AVOIDING LIABILITY BLOG

Nursing Staff’s Failure to Provide Proper Care Causes Patient’s Death

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Avoiding Liability Bulletin – June 15, 2018

The following case1 reveals the unbelievable misconduct of the nursing staff while caring for a very ill patient.

Mr. Sosa was admitted to the nursing home on June 28th with diagnoses of hypertension, altered mental state, congestive heart failure, chronic kidney disease (stage IV), high cholesterol, respiratory failure, diabetes, dementia, encephalopathy, depression, COPD, and difficulty swallowing.  He was fed by a gastrostomy tube. On admission he weighed 165 pounds.

A registered dietician did a nutritional assessment in order to increase his tube feedings.  However, it was not an accurate one due to the fact that she did not have his weight. Even so, Mr. Sosa maintained his admission weight for about a month.

9 days later, though, Mr. Sosa’s weight was 149, equaling a nine percent loss in body weight in less than two weeks.  The nursing notes were “inaccurate in many ways making it impossible to determine how and when Mr. Sosa was being fed”, but it was clear that the patient was not fed for 3 consecutive days during the month.

The dietician requested an increase in the patient’s fluids and food due to his elevated Creatinine and Blood Urea Nitrogen (BUN) levels.

During this time, the nurses administered Lasix, a diuretic, despite a doctor’s order to stop the medication.

On the morning of August 6, the nursing staff noticed the patient had poor posture, low blood pressure, and increased tiredness.  Mr. Sosa’s blood sugar was high but no insulin was given. Around 2:30 pm that afternoon, he was found unresponsive and immediately taken to a hospital, where the ED physician told Mr. Sosa’s wife that he was brain dead.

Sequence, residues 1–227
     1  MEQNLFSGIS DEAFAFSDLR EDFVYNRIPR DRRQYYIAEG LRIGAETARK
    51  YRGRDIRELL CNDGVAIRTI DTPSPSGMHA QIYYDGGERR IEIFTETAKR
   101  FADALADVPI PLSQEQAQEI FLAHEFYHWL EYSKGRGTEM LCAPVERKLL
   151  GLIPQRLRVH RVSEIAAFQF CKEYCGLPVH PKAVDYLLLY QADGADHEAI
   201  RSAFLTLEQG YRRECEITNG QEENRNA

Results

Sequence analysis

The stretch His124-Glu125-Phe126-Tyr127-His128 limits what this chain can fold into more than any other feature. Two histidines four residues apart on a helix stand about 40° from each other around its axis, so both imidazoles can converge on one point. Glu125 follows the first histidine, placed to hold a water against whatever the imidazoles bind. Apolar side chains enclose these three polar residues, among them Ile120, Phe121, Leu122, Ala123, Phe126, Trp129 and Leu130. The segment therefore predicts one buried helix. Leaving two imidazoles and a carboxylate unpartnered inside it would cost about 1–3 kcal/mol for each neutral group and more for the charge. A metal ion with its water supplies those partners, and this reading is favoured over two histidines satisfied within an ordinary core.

Despite this diagnosis, Mr. Sosa was resuscitated and placed on a ventilator.  His medical record indicated kidney failure, sepsis, bloody and cloudy urine, and aspiration pneumonia.

Mr. Sosa died the next day after being taken of life support.

Mrs. Sosa filed a negligence suit against the nursing home, alleging that the home, through its nursing staff, failed to properly supervise Mr. Sosa; failed to properly monitor Mr. Sosa; left Mr. Sosa unattended; failed to reasonably ensure Mr. Sosa’s safety; and failed to provide Mr. Sosa the care a reasonable and prudent nursing home provider should provide.

Expert opinions were filed by both a physician and a nurse expert that supported Mrs. Sosa’s claims.

The nursing home filed a Motion to Dismiss Mrs. Sosa’s complaint, alleging that neither expert was qualified to provide an expert opinion and that the doctor failed to provide one pivotal requirement of a negligence claim—that the nursing home’s actions caused the death of Mr. Sosa.

The trial court denied the Motion and the nursing home appealed that decision.

The Appellate Court gave an opinion on the qualifications of both experts and the alleged failure of the doctor to meet the causal requirement for a negligence suit to continue.  It determined that the doctor was qualified to testify as an expert and that he did meet the causal requirement.

The Appellate Court’s opinion in regard to the nurse expert is interesting.  In a medical negligence case, the court opined, the applicable statute in Texas requires a physician to be an expert witness.  Although a nurse expert is not a physician, she is qualified to render an opinion about the nursing standard of care and whether it was breached.  Because the physician expert reviewed the nurse expert’s testimony, and her testimony in that regard was not challenged, the two reports can be utilized in determining whether the nursing standard of care was met or breached.

Based on his own opinion and that of the nurse expert’s, the physician confirmed that there was “overwhelming evidence of neglect of Mr. Sosa’s nursing and dietary needs”.  Lab values indicating “acute kidney failure” were ignored.